Our portage ended with a dramatic stumbling out of the brush to see the sweeping panorama of the Fox River joining forces with the Manistique. I felt like a young Hemingway, who hiked off-trail through these very woods to find the perfect spot to cast a fly-rod. While my trip the Two Hearted River was more of a romantic literary hajj, any Hemingway purist would agree that bushwhacking along the Fox was a much more authentic experience.

We paddled upstream on the Fox for a ways, mostly just to humor my enthusiasm. I spouted off whimsical nature quotes from the Nick Adams Stories, and Eliot and David listened politely. Then we floated back down and continued our Manistique excursion.

From the conflux, it was indeed smooth sailing. The river was wide, the sun was shining, and the snow was gilded with sparkling crystals. It really did look magical. It was warm enough to paddle without a hat or gloves. We ended up quitting early for the day when we found a campsite we couldn’t pass up, and spent the afternoon lounging around a roaring fire.

Really, the only snag we ran into—and I mean that literally—came with about three hours left of paddling on our last day. It was the first time all weekend we came across a mess of fallen trees, spanning the entire river, followed by thick banks of ice on the other side.

Now before I describe what happened, I’d like to be clear that we came prepared for just about everything. We went over various scenarios before we even shoved off, so that we’d all be on the same page in terms of protocol. All three of us had complete sets of dry clothes, including boots and coats, in waterproof bags. We all had lifejackets.

Anyhow, here’s what happened: David and I coasted up to the nearest log, with the intention of getting out, lifting the canoe over, and getting back in. Eliot was in a kayak behind us. However, we failed to communicate that Eliot should wait upstream, treading water while we maneuvered the obstacle. He was essentially tailgating, and with the help of a brisk current, collided with the side of the canoe. The kayak rocked side to side, just barely enough to start taking on water.

Not wanting any part of that, Eliot hopped out, vaulted the canoe, and landed on the log. Before David and I could realize what just happened, the kayak promptly filled with water and sank. There was a little air pocket left in the nose, teasing us as the kayak drifted past and came to rest at the edge of the ice shelf.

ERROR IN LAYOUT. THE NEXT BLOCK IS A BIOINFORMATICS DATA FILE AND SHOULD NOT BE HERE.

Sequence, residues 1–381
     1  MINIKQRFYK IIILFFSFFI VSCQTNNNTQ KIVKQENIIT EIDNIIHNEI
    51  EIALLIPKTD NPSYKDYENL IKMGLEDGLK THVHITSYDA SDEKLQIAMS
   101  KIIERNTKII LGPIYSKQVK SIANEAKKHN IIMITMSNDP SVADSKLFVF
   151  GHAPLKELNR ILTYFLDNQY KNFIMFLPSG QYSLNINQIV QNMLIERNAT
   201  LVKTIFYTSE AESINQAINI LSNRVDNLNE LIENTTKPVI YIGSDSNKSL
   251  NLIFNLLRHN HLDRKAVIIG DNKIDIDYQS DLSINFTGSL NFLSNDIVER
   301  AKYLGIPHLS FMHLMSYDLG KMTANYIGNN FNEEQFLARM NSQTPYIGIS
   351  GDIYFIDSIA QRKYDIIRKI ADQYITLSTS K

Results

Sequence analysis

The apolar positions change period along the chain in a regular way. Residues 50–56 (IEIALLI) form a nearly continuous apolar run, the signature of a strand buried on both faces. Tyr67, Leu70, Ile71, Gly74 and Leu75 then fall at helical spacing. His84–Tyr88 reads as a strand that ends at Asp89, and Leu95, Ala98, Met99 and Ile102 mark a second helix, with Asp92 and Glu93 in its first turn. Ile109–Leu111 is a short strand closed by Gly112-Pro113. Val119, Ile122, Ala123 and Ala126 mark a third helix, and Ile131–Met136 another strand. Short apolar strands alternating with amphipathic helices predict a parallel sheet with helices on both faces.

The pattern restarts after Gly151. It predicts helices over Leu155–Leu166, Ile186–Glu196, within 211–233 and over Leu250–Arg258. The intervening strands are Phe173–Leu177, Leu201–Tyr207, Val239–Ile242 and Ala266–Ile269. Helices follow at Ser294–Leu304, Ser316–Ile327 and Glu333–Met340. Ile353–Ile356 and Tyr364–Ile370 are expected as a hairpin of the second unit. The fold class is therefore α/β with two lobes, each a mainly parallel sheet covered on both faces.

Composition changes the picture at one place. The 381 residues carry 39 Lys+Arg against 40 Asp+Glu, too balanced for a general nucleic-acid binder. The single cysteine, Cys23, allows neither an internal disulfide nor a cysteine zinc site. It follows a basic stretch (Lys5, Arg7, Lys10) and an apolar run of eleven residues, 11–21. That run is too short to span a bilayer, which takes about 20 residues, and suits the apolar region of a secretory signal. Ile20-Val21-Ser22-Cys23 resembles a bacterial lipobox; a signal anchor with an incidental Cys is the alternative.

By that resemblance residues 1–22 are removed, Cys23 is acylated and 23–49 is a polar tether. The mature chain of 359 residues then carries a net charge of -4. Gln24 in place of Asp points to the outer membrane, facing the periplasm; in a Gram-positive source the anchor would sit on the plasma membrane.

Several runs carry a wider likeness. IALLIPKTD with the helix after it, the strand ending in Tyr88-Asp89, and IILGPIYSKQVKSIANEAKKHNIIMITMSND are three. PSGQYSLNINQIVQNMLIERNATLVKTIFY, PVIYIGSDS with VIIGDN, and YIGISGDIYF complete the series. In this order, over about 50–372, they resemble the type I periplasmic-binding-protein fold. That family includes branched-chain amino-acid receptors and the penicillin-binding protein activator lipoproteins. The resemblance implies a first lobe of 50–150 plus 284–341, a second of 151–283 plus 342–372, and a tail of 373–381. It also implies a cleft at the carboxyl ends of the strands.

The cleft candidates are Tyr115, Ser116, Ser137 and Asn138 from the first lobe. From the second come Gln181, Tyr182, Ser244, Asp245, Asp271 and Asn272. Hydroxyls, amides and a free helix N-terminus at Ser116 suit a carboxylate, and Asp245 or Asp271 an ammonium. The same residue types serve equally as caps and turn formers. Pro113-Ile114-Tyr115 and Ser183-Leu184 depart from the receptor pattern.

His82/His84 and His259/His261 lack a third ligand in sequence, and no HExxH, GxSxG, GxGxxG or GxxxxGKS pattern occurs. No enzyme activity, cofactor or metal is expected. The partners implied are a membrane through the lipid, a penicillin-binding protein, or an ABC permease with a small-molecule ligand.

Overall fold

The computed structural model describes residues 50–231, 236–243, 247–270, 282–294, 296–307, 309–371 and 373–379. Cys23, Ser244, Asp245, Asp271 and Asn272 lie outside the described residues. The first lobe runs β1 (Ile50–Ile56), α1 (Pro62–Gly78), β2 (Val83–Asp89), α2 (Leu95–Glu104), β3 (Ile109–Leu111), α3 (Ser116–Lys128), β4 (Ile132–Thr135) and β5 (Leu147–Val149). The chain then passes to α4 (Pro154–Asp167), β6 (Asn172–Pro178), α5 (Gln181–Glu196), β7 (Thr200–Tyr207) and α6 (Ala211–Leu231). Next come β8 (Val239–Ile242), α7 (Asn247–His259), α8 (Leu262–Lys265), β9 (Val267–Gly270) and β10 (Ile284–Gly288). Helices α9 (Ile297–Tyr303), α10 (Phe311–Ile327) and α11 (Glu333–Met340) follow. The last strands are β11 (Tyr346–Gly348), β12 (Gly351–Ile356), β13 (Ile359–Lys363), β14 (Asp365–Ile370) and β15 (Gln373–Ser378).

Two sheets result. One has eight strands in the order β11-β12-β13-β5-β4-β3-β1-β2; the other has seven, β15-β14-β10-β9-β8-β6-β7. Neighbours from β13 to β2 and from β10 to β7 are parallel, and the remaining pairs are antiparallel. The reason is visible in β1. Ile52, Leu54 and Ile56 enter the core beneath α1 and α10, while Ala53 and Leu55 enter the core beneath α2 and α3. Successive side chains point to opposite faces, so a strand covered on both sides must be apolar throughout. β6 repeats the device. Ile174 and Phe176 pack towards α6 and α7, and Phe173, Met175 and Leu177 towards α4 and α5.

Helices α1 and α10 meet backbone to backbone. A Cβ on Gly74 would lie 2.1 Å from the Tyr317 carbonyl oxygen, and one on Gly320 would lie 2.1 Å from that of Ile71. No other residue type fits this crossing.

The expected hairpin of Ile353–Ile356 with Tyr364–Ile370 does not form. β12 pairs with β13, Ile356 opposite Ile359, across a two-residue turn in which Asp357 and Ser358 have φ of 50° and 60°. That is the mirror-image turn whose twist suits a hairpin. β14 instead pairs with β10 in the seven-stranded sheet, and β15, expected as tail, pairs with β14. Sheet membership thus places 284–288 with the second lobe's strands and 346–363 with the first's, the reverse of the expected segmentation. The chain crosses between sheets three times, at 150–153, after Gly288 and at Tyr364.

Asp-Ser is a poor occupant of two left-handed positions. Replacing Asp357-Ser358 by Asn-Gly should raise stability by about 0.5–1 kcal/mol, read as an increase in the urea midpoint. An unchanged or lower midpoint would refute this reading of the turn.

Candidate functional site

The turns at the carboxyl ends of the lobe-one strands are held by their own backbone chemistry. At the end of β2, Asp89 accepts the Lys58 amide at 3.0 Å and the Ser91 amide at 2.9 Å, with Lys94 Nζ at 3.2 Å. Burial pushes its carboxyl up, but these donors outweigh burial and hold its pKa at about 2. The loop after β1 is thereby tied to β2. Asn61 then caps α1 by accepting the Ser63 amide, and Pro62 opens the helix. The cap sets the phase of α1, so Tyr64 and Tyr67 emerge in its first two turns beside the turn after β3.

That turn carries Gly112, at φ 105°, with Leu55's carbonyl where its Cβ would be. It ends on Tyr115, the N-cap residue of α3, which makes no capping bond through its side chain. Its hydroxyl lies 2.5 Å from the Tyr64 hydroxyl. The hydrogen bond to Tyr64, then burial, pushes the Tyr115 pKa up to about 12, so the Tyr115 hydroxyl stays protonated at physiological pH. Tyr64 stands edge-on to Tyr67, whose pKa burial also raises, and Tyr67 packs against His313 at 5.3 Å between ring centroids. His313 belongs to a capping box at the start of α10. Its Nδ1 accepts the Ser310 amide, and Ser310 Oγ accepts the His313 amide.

Being up a creek without a paddle is one thing, being stranded on a log without a kayak is quite another. Also, the log was only a couple inches above the waterline, and covered in ice.

Extracting the canoe and retrieving it was one of the most arduous tasks I’ve ever faced in the outdoors. While I was never specifically worried about the odds of our well-being on this trip, there was a thirty-minute timespan in which I was certain we’d be heading home a boat short. The whole ordeal took almost an hour of pulling, pushing, and wiggling, then chasing downstream, followed by more pulling, pushing, and wiggling from a different logjam. But the climax was certainly that initial slippery log, where the only way to dislodge the beast was for Eliot to lay down on his stomach and yank down as hard as he could, passing the kayak underwater to his free hand under the log. David and I chased it downstream for about a mile before we were able to trap it, while Eliot had his own harrowing adventure leaping to the mainland across ice jams, crashing through the underbrush trying to keep up, running to stay warm, all the while soaking wet.

By the time we finally tracked it down and got Eliot a fresh pair of clothes, we were all ready to tap out. Thankfully, our car was parked just a few miles downstream, and we managed to ride it out without further incident.

While the Pine was much more technical, it was nothing compared to the constant cold-water threats of winter-canoe-camping. Yet I have a hard time explaining that whenever this story comes up.

Coworker: “So I imagine that’s the last time you’ll go canoeing in the winter again, eh?”

Me: “Well no, I still paddle in the winter, just not for overnighters.”

Coworker: “Ah, no canoe-camping trips anymore.”

Me: “Er, not exactly. I’ll definitely go canoe-camping in the summer and fall still; that’s a blast.”

Coworker, getting confused: “So, just no more winter camping?

Me: “Still on the table. Just… not in a canoe.”

Coworker shakes head and changes conversation.

Even now, with the weather warming up and the event further behind me, a winter overnighter on the Grand River is beginning to not sound so bad, and that’s why I need to write blogs like this to remember that sometimes once is enough to whet your appetite (as well as your partners), and that there are better ways to spend a weekend.

Like gearing up for the Pine. Watch out, because the Dawn Treader is coming for ya… when summer rolls around.